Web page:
After decades of housing stained-glass windows commemorating the Confederacy, the Washington National Cathedral in DC has unveiled a new window installation created by artist Kerry James Marshall that centers the struggles of the racial justice movement and the resiliency of Black American people throughout time. Titled Now and Forever (2023), Marshall’s window panes aim to both recognize the United States’s dark past and honor the enduring legacy of African-American perseverance and resistance.

The cathedral revealed the new window display in a public dedication ceremony this past Saturday, September 23 that also debuted Pulitzer finalist Dr. Elizabeth Alexander’s new original poem, “American Song,” which will be featured beneath the installation in hand-engraved limestone in 2024.

“Part of our mission is to ensure that everyone who visits or worships here can see a piece of themselves in the cathedral, and that’s what we hope these windows can help us do,” Reverend Canon Leonard L. Hamlin Sr., who also serves as the cathedral’s minister for equity and inclusion, said in a statement shared with Hyperallergic.

Known for spotlighting the experiences of historically marginalized Black American people, Marshall’s contribution to the cathedral marks his first time working with the medium of stained glass. Installed as side-by-side window panes, Now and Forever depicts a scene of Black demonstrators holding protest signs that read “No,” “Fairness,” “Not,” and “No Foul Play.” Their identities concealed behind the signs, the crowd of protestors resembles many gatherings across the country that continue to take place in the ongoing fight for equality and justice.

Six years ago, the Washington National Cathedral de-installed its long-standing window display featuring iconographic images honoring the Confederacy and the lives of Generals Robert E. Lee and Thomas “Stonewall” Jackson. Donated by the United Daughters of the Confederacy, the windows were first installed in 1953 and remained in place for more than 60 years until they were finally removed in 2017 in the weeks after the violent Unite the Right rally in Virginia that resulted in the death of 32-year-old Heather Heyer and the injury of 19 others.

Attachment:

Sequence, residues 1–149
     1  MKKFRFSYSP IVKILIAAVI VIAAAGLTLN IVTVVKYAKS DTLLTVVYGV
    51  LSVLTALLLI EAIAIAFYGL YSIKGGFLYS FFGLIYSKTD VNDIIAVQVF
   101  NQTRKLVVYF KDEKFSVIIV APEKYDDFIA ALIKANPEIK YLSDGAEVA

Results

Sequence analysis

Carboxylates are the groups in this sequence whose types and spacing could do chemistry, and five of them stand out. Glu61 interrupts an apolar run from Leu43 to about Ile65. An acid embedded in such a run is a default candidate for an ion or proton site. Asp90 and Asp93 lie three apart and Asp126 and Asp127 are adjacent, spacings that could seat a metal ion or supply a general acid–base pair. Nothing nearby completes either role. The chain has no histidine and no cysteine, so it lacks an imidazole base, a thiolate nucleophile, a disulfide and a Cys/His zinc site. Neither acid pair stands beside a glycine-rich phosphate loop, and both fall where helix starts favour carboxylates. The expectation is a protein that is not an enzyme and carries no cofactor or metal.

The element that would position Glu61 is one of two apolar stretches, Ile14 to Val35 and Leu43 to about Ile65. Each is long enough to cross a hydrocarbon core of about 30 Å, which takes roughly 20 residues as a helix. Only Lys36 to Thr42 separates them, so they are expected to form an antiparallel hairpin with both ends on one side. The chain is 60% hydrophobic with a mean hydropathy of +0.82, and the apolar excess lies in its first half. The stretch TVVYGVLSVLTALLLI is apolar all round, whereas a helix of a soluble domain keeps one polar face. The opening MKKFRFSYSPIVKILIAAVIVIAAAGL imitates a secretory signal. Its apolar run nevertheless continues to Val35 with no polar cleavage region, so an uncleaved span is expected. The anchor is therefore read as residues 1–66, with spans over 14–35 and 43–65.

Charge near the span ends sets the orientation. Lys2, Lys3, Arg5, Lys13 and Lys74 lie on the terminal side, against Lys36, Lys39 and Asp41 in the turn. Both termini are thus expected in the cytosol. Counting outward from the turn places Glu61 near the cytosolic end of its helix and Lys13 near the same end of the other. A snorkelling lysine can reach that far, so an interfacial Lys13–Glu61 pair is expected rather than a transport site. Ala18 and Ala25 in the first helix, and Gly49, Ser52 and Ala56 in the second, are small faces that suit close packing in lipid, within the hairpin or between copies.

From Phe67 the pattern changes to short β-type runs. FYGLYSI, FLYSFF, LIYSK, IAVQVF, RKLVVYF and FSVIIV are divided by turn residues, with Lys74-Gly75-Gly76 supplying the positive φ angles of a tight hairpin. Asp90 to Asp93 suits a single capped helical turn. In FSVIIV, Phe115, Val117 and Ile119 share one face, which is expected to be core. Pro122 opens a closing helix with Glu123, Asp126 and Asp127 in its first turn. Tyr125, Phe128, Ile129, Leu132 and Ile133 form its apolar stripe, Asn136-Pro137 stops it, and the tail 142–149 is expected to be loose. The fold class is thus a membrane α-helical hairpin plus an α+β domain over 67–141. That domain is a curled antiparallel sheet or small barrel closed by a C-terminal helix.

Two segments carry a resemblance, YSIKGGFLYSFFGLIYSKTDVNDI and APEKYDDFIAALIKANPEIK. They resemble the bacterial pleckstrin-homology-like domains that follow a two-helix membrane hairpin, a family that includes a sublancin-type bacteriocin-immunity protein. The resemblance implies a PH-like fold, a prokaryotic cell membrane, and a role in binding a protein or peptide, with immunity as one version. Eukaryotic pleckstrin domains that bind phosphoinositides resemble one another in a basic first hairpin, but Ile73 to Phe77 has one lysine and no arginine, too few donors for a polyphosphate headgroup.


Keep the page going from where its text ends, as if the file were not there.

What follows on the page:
Blueprint designs of the Now and Forever window display drawn by Kerry James Marshall

“[The windows] told a false narrative, extolling two individuals who fought to keep the institution of slavery alive in this country,” Randolph Marshall Hollerith, dean of the Washington National Cathedral, said during Saturday’s ceremony. “They were intended to elevate the Confederacy, and they completely ignored the millions of Black Americans who have fought so hard and struggled so long to claim their birthright as equal citizens.”

Although the Confederate iconography has now been removed, parts of the original stained-glass display remain in place above Now and Forever, aligning with Marshall’s decision to maintain a conversation between the past and present. 

“I’m not so interested in completely erasing the history of the relationship of those windows of the cathedral, and the replacement of the original windows with what’s there now,” Marshall said in a statement

Kerry James Marshall works on the new stained glass windows in June 2023.

The original windows are currently in storage within the cathedral while institutional leaders deliberate their future. After the police killing of George Floyd in 2020, the cathedral loaned the windows to the National Museum of African American History and Culture for a temporary exhibition examining the Reconstruction era. The cathedral is also currently conducting a review of its iconography currently on view as part of an ongoing process to make the space a safer, more inclusive environment.

“The windows are just a step, a symbol,” Reverend Hamlin said, adding that the “real power” in the redesigned display is its ability to generate conversation.

“The windows are beautiful, and significant, but the real beauty will be seen when we create a culture and a country where everyone is valued, included and uplifted.”

Maya Pontone (she/her) is a Staff News Writer at Hyperallergic. Originally from Northern New Jersey, she currently resides in Brooklyn, where she covers daily news, both within and outside New York City....

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  1. While it was laudable of the Cathedral leaders to remove the windows donated by the Daughters of the Confederacy in 1953 (!), as well as the desire to have new ones alluding to the struggle for civil rights for all citizens, these windows fail aesthetically. I’m glad the Dean thinks they’re beautiful. They’re on a par with the hideous mosaics in the upper church of the National Basilica Shrine of the Immaculate Conception in NE. The Post reported that the design cost them $18.65 in a gesture by the artist to reference the emancipation of slaves. I think they got what they paid for.

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